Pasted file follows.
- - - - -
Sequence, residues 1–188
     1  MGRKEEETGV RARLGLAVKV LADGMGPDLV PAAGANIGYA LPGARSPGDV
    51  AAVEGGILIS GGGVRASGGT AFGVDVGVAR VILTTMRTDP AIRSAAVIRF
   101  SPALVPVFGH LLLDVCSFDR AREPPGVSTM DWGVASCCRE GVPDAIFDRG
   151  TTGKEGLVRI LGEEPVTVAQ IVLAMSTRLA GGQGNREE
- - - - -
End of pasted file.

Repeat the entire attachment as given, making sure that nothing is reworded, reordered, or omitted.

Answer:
Sequence, residues 1–188
     1  MGRKEEETGV RARLGLAVKV LADGMGPDLV PAAGANIGYA LPGARSPGDV
    51  AAVEGGILIS GGGVRASGGT AFGVDVGVAR VILTTMRTDP AIRSAAVIRF
   101  SPALVPVFGH LLLDVCSFDR AREPPGVSTM DWGVASCCRE GVPDAIFDRG
   151  TTGKEGLVRI LGEEPVTVAQ IVLAMSTRLA GGQGNREE